If Trump reaches a hand across the aisle, Democrats would be wise to take it

 
Alan Mendoza
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President Trump Delivers State Of The Union Address To Joint Session Of Congress
House Democrats can choose to play public opinion roulette again, or offer to meet Trump halfway (Source: Getty)

For a brief moment on Tuesday evening, the customary rancour of US politics was set aside in a most unusual spontaneous display.


To everyone’s surprise, President Donald Trump’s delayed 2019 State of the Union speech – which had itself become a political football in the struggle between a Democratic House of Representatives and a Republican President – provided a glimpse of how American political life once was, and could yet still be.

The snapshot took place around 40 minutes into the speech.

Having just reiterated his divisive pledge to build a wall on the US border with Mexico, which was received with stony silence by the Democrats in the chamber, Trump glided into safer territory on the economy, telling his audience that women had filled 58 per cent of the new jobs created in the last year.

Female Democrats – clad in white to show solidarity with the centennial of the suffragette movement – paused for a moment to take that statistic in. And then couldn’t resist standing and applauding.


Even Trump looked relieved that the tension in the room had dissipated, quipping “you weren’t supposed to do that”.

The sad reality is that it was not so long ago that Republicans and Democrats were able to applaud each other’s statements on set-piece occasions like these with regularity.

When Ronald Reagan and Tip O’Neill occupied the roles in the 1980s that Trump and House speaker Nancy Pelosi hold today, divided government meant disagreeing – sometimes vehemently – with each other’s policies, but recognising that there were points of commonality on both sides of the political aisle that could be supported.

Subsequent periods of divided government, under Presidents Bill Clinton and George W Bush, saw increases in partisan rancour – including the previous record for a federal government shutdown and the Iraq War fall-out.

But the basic line still held: the legislative and executive branches could oppose each other professionally, but still recognise that they were working in the American interest and react accordingly.

Even the Obama administration, which saw bitter partisan divides, was marked by Republican applause at the State of Union.

All this broke down when the most divisive presidential candidate in modern US history won election in 2016.

For his past two years in office, Trump has made clear that he thrives on political discord rather than harmony, going out of his way gratuitously – in particular on social media – to lambast and humiliate opponents.

It is therefore tempting to say that he is reaping what he has sown through his own behaviour, and that the next two years of divided government will revisit on him the same disdain that he was happy to dole out when the House was under Republican control.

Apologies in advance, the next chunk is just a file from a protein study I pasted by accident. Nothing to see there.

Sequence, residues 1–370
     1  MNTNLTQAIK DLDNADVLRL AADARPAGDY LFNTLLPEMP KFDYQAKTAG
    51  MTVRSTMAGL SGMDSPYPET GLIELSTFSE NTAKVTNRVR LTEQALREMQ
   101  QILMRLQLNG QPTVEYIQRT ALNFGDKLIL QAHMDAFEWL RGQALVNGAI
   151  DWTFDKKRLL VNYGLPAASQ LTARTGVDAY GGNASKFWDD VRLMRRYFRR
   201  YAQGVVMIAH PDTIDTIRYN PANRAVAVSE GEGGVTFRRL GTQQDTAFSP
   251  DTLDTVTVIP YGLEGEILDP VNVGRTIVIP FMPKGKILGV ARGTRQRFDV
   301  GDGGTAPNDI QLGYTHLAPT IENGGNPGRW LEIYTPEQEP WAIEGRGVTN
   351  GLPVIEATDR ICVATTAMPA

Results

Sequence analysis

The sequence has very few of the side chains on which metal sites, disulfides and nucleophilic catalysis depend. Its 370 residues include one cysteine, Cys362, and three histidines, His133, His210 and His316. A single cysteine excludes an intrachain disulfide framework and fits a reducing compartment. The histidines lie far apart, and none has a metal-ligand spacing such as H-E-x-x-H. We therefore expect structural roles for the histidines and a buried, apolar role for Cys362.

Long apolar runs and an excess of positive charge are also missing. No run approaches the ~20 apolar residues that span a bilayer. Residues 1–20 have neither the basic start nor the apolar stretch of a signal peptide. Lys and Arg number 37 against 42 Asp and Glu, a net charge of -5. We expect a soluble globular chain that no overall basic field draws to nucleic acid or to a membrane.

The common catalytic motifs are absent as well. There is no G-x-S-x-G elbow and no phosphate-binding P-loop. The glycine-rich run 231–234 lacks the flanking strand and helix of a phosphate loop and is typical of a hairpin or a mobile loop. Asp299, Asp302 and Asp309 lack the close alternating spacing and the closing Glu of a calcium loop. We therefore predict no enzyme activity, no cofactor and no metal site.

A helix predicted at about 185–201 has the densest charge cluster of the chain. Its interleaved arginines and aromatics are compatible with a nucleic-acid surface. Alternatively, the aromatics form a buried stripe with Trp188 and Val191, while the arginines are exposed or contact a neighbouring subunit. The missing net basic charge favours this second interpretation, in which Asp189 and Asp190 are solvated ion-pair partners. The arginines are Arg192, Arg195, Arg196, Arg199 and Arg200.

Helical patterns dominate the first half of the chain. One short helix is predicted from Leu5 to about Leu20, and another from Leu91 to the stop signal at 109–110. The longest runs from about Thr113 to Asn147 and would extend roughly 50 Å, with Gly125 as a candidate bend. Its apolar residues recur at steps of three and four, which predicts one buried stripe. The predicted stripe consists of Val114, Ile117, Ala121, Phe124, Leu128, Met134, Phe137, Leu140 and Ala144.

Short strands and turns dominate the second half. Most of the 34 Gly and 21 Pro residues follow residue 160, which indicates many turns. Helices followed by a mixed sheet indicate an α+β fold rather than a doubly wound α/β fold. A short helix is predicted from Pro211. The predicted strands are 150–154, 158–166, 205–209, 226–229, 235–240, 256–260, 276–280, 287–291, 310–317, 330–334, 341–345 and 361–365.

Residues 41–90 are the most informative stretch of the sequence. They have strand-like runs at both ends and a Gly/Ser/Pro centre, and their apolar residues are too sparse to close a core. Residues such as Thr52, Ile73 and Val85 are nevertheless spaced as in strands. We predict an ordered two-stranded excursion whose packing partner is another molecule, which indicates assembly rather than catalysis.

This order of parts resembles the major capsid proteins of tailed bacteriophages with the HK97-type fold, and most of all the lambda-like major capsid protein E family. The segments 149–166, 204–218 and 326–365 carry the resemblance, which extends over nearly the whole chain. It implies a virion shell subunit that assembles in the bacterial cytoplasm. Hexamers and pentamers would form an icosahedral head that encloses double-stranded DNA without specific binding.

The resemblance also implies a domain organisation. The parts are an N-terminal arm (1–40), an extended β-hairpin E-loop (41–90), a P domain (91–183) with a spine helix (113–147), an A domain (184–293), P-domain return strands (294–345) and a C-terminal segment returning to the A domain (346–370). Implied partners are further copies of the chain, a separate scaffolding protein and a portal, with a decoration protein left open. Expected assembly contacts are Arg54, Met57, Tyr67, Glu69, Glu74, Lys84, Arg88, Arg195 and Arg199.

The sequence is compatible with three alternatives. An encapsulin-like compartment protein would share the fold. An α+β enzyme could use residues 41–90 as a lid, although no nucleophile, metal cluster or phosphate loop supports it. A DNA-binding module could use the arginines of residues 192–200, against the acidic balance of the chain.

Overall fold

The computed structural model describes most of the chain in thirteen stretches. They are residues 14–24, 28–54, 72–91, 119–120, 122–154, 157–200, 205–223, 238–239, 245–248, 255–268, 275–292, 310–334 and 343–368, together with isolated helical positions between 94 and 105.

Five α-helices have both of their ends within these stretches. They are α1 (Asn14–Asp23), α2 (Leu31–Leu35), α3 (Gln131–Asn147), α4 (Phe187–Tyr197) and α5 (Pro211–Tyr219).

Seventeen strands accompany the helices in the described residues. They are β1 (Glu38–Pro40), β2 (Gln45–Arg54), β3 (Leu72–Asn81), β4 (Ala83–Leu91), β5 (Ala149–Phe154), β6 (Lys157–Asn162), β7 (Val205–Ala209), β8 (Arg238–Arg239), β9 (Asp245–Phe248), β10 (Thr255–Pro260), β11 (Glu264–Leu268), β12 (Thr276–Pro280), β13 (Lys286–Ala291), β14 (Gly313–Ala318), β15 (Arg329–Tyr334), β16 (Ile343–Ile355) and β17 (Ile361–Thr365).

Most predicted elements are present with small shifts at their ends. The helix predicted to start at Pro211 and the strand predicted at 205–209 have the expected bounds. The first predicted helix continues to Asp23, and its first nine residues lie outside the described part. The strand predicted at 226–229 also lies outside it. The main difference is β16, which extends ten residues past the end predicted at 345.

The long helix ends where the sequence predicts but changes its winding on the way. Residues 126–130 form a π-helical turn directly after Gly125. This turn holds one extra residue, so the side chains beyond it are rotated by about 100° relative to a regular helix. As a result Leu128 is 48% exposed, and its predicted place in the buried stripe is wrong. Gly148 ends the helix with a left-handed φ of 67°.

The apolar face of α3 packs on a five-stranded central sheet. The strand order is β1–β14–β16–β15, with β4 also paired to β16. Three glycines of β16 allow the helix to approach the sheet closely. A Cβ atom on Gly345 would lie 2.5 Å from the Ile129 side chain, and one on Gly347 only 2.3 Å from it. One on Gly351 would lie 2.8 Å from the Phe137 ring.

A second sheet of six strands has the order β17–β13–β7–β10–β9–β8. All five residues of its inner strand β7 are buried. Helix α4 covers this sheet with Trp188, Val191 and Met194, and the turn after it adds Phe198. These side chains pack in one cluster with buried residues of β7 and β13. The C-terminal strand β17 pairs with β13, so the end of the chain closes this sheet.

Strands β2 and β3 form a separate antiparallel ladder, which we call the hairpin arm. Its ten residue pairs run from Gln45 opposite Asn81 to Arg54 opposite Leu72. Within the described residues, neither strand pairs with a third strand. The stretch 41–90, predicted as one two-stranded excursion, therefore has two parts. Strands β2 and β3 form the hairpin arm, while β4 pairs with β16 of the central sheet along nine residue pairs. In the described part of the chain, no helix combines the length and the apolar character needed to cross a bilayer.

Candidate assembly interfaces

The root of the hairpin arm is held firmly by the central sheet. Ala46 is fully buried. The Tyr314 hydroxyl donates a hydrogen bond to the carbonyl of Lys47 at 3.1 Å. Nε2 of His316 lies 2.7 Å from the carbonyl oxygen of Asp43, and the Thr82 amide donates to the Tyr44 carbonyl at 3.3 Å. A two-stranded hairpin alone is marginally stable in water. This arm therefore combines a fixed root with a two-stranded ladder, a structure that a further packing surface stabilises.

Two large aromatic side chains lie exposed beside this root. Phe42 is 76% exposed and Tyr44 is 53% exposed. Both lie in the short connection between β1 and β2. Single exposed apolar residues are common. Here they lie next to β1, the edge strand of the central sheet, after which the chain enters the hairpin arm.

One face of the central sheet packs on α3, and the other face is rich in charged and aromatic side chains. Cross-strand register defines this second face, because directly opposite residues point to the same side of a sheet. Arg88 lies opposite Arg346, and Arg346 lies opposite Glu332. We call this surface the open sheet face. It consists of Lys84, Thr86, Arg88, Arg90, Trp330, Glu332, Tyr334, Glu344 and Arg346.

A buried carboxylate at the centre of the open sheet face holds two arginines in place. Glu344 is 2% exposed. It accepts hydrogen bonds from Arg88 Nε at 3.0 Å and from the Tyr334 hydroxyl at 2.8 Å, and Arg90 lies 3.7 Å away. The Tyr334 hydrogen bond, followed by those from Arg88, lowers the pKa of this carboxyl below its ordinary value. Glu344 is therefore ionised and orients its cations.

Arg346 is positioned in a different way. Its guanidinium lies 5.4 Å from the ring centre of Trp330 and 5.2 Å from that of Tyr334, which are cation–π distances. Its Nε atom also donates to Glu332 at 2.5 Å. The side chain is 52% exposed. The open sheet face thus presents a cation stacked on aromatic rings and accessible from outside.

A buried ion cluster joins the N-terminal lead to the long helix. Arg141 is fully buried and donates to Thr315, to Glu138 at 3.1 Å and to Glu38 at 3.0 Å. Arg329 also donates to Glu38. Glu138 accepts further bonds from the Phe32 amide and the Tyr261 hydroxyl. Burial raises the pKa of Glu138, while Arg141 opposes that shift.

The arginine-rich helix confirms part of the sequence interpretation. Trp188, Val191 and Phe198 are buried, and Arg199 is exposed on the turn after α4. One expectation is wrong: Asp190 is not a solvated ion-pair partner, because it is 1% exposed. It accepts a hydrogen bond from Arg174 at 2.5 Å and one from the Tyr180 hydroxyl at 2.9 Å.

Tempting, but shortsighted. Because a rather different Trump was on display on Tuesday night to the bombastic character seen hitherto.

The President went out of his way to appeal for national unity, imploring Congress to “reject the politics of revenge, resistance and retribution, and embrace the boundless potential of cooperation, compromise and the common good”.

He even went so far as to display gratitude – a hitherto unknown emotion in the Trumpian vernacular – in response to the Democratic standing ovation.

Perhaps it was just grandstanding – but perhaps not. It might be the awakenings of a shift in policy that means divided government may not signal inevitable gridlock.

It is entirely possible that the Democrats will miss the opportunity in front of them. After all, Trump remains in essence, Trump.

The Mueller Inquiry drags on, with its outcome uncertain. There will be an inevitable hankering to take revenge for the humiliations of the past two years in the belief that frustrating the President’s agenda will deliver a Democratic presidency in 2020.

But Democrats seduced by this path should be wary. It appears that the American people liked the Trump 2.0 approach. A CBS poll taken straight after the State of the Union suggested that 76 per cent of Americans who tuned in approved of the speech he gave, while just 24 per cent disapproved.

Considering that the President had been widely blamed for the federal shutdown, this is quite a turnaround. The Democrats secured a great triumph in getting Trump to back down temporarily on his aggressive demands for wall funding. But could they be about to turn that into a Pyrrhic victory?

We will not have long to wait. Trump has promised to renew his funding call, and to engage in another shutdown if it is not delivered.

So House Democrats can choose to play public opinion roulette again, or offer to meet him halfway. After all, many of them were for border controls before they were against them.

It would be a shame for them to forget this. And an even greater one if they failed to take an opportunity to teach a newly emollient President that compromise is sometimes in the American interest.

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